There are many materials and coatings that can slow a fire. Kenjay Williams of PPG Industries, which makes a variety of fire protective coatings, points to cementitious and subliming coatings; dry insulation, such as rock wool or gypsum board; and intumescent coatings as examples. For our discussion, it’s the intumescent coatings we’ll concentrate on.

How do intumescent coatings work? A chemical reaction takes place in the coating when it is exposed to flame or extremely high heat. The coating layer expands and produces a char, which insulates the surface (helping to keep it cooler) and helps keep oxygen — necessary for combustion — away from the substrate.

This chemical reaction can offer minutes of extra time in the event of a fire. Intumescent coatings are available in different formulations from a variety of manufacturers.

Exterior intumescent coatings are typically epoxy-based, Williams says, offering good corrosion resistance and less weight than cementitious coatings. Epoxy intumescents are used in the petrochemical industry for exterior applications on refineries and offshore platforms. Because they are known for their impact strength, adhesion and resistance to humidity, they are also being looked at for some interior applications, such as swimming pools, clean rooms and high-rise structures, Williams adds.

Epoxy-based intumescent coatings require a thick-film application, usually by licensed applicators. They are typically applied at 100-500 mil thickness, typically use fabric or steel mesh reinforcement for longer ratings and have a more textured surface finish than thin films, Williams says.

Interior thin-film intumescents can be vinyl- or water-based and provide a paintlike finish. Some are designed to be used on exposed interior structural steel where a paintlike finish is desired. Others are designed to protect interior wood, drywall and other substrates. You’ll find these used in many commercial environments, such as office buildings, health care facilities, multifamily housing units (such as apartments and condominiums), hotels and restaurants, and schools.

Thin-film intumescents can be spray-applied using airless equipment. The specific coating thickness depends on the product being used and the specified fire rating.

According to Jim Raby, who’s in charge of technical service sales at Flame Control Coatings LLC, different localities set their own minimum requirements for fire ratings. A municipality can’t set a rating lesser than the state-mandated rating, he says, but if it meets or exceeds the state regulations, a municipality is free to set its own.

Much testing has been done relating to fire and flame spread, and there are a variety of laboratory tests that flame retardant coatings must pass in order to be rated. ASTM, Underwriters Laboratory and other industry-specific agencies generally conduct the testing.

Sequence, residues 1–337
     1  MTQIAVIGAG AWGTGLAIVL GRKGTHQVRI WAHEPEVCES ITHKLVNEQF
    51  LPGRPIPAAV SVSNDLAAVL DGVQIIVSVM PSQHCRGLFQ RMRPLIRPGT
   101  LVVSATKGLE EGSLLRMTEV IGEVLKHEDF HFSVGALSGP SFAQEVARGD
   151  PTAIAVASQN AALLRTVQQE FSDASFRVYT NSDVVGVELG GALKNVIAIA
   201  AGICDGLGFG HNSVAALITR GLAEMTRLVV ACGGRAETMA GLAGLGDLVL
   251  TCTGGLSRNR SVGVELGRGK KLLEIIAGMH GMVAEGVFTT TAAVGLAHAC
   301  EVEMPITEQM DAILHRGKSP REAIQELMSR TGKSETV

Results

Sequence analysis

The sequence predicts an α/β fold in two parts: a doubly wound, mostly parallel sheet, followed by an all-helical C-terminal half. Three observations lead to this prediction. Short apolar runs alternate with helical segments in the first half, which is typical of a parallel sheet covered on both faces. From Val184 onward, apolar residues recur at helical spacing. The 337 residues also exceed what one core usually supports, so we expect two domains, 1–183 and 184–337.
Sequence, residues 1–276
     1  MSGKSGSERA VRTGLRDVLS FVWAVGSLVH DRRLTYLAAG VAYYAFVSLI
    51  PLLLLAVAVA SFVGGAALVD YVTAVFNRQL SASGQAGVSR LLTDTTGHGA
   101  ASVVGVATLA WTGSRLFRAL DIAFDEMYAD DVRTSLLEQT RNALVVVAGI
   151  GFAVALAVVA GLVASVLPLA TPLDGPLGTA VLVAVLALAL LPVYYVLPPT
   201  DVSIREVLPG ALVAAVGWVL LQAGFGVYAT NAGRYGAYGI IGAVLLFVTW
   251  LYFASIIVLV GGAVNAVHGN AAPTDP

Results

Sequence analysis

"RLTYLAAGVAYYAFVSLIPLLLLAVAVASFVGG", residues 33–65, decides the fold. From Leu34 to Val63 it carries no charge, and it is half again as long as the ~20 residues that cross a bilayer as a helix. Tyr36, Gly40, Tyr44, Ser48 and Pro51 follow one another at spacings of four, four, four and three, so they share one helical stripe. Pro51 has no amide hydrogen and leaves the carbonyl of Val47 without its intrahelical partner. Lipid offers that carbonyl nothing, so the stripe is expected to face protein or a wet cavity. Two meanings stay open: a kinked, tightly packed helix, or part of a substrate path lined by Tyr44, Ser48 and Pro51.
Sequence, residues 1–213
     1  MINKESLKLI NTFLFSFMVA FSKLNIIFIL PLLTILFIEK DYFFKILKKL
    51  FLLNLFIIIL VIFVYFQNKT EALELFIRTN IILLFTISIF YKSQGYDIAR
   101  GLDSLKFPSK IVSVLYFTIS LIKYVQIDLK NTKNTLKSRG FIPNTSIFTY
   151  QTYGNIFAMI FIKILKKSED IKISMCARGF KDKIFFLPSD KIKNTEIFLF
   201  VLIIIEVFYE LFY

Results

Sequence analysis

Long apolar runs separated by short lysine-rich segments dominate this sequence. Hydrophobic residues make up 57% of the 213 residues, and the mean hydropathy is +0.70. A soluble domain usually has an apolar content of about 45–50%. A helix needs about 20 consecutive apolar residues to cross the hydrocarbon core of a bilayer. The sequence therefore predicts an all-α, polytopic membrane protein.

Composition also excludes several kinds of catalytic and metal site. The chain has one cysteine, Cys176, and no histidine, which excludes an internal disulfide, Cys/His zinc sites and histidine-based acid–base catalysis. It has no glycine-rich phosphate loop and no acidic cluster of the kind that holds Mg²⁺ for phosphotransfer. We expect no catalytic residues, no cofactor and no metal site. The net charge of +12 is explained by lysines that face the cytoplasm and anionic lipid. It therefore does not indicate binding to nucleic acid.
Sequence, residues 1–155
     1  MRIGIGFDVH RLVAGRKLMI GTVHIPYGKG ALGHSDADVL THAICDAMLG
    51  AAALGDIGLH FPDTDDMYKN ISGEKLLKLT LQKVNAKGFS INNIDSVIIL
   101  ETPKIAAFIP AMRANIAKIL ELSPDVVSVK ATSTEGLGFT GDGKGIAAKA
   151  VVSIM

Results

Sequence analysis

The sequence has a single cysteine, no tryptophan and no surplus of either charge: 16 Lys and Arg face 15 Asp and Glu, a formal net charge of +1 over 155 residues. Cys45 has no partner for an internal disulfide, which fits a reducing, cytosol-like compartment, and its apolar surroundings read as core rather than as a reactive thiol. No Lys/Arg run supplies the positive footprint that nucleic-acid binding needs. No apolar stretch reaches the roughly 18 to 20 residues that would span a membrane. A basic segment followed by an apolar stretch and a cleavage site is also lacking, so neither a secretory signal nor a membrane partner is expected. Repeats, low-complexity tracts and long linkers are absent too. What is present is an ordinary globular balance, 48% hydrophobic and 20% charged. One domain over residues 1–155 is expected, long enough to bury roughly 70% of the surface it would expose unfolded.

Fire retardant coatings aren’t used very often in single-family homes, but it wouldn’t be a bad idea.

Jake Clark, owner and president of Armstrong-Clark Co., a California-based exterior stain manufacturer, has developed an exterior flame-retardant stain he has confidence in, but he faces a challenge. “There is no test criteria for the aftermarket in California for exterior products,” he says. So he has created his own tests, using roof shakes, wood siding, wood fences and a wood deck, with the goal of having burning embers burn out in place without spreading.

Bill Hendricks, owner of Safer Building Solutions, does a lot of work concerning wildland-urban interface and agrees that there are no fire retardant testing parameters for exterior paints and stains. He says the problem with using interior flame retardant products on the exterior of a home is that they don’t hold up to weather. (As far as he knows, no interior flame retardant product has passed the accelerated weatherization test.) Some possible remedies are to use an oil-based product or encapsulate it; still, “a product may be flame retardant, but how long it will last is the uncertainty,” he says.

Beyond thin-film fire retardants are products that provide fire resistance. More than a matter of semantics, fire resistance relates to penetration of flame versus spread.

Steve Beck, president of International Fire Resistant Systems Inc., explains the difference: At the lower end of the scale, flame retardants generally need to pass a flame spread test. At the high end they pass what is referred to as the room corner tests, where they also test for flashover and smoke. But, not only do flame resistant products need to pass the room corner tests, they need to pass a fire penetration test, too. The added protection of preventing fire penetration for up to two hours preserves the structural integrity of a building, he says. Beck already offers an interior fire resistant product that applies like paint, and he is working on an exterior-use version.

The important thing to remember when selecting a fire retardant or fire-resistant product is to make sure you are getting one that does what it promises. Ask the product manufacturer for the testing certification documentation. If they won’t provide it, look elsewhere. And make sure the tests passed measure up to the fire rating standards you need to meet. “There is a lot of misconception out there,” Hendricks says. “You really need to look at how the testing is done.”